There are a few more areas to cover, which I will tie into one entry. I am a believer that a person can view so-called "paganism" as: 1) a religion, 2) a history, 3) a look into the spirituality and soul of a people, and 4) as a set of principles to be adhered to (if they wish). One need not actually "join" a religious and/or spiritual tradition, in order to adhere to it. To make it's values and principles a part of their own conscience.
For example, the 'Nine Noble Virtues'.
7. Self Reliance
Asatru Folk Assembly:
1. Strength is better than weakness
2. Courage is better than cowardice
3. Joy is better than guilt
4. Honour is better than dishonour
5. Freedom is better than slavery
6. Kinship is better than alienation
7. Realism is better than dogmatism
8. Vigor is better than lifelessness
9. Ancestry is better than universalism
Like the 'Ten Commandments' in Christianity, these principles and many other, much deeper, aspects of Odinism (or Asatru) can be admired and studied. I am aware that the Nine Noble Virtues are guidelines and not "thou shalt nots," and they have no concept of "hell," etc., but my real point is that we can look into any faith and adopt some principles from them. I recently viewed an episode on the History Channel program 'Warriors' with Terry Schappert. It was about the Zulu tribe, and they had a special ceremonial tradition after a battle, in which a warrior is purified in order to go back into society. I thought it was in interesting spiritual concept.
The "Viking Era" was a very small part of the history of what we call Odinism or Asatru. Actually, our ancient Lombard ancestors called what was basically the chief god, usually called Odin, the god of war, as Wotan or Wodan. They were Wotanists or Wodanists, and I mean this was many, many centuries ago. The 'Nine Noble Virtues' was taken from one of the Norse Sagas I believe, and the first one, from the Odinic Rite, was the original.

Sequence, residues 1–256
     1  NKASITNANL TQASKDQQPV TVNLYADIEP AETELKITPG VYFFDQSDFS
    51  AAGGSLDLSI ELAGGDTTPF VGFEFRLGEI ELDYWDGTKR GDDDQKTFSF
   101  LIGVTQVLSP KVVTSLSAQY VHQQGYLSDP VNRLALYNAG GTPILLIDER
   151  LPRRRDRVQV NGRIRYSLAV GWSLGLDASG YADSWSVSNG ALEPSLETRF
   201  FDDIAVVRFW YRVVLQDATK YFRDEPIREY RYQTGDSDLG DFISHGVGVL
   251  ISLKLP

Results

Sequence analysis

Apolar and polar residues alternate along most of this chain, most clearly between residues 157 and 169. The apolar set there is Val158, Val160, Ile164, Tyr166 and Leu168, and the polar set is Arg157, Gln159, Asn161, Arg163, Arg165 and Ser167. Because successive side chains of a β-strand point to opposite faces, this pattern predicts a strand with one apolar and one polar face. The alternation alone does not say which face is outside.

I would also like to at least mention the "Irminsul" (see image to the right), which was a large carved wooden pillar, which was a very important part of this spirituality. I don't think that it was intrinsically worshipped, but may have been a manner to get in touch with all of the gods. Perhaps someone could clue us in there. It appears that the old Germanic tribes often just used a carved tree trunk for this purpose as well. When the Romans, and later powers, finally mobilized themselves to spread Christianity, lets face it, they often did it via force. The following painting was composed by German painter Heinrich Leutemann in 1882, and was entitled 'The destruction of Irminsul through Charlemagne'. It depicts Wotanists literally being forced to accept Christianity as their Irminsul is demolished.
Did you know that names from the days of the week, which we use every day, are from Norse/Germanic spirituality or gods?
Sunday -- "Sun's Day"
Monday -- "Moon's Day"
Tuesday -- "Tiu's Day"
Wednesday -- "Wodan's Day"
Thursday -- "Thor's Day"
Friday -- "Freya's Day"
Saturday -- "Saturn's Day"
Wodan, Wotan, or Woden, may have originally come from the worship of the Greek god Mercury. It's hard sometimes to substantiate some of these things due to various cultures wanting to maintain the purity or originality of their history. I suppose that if this was true, that it was probably due to influence from the Romans, or possibly the Etruscans. I don't really know.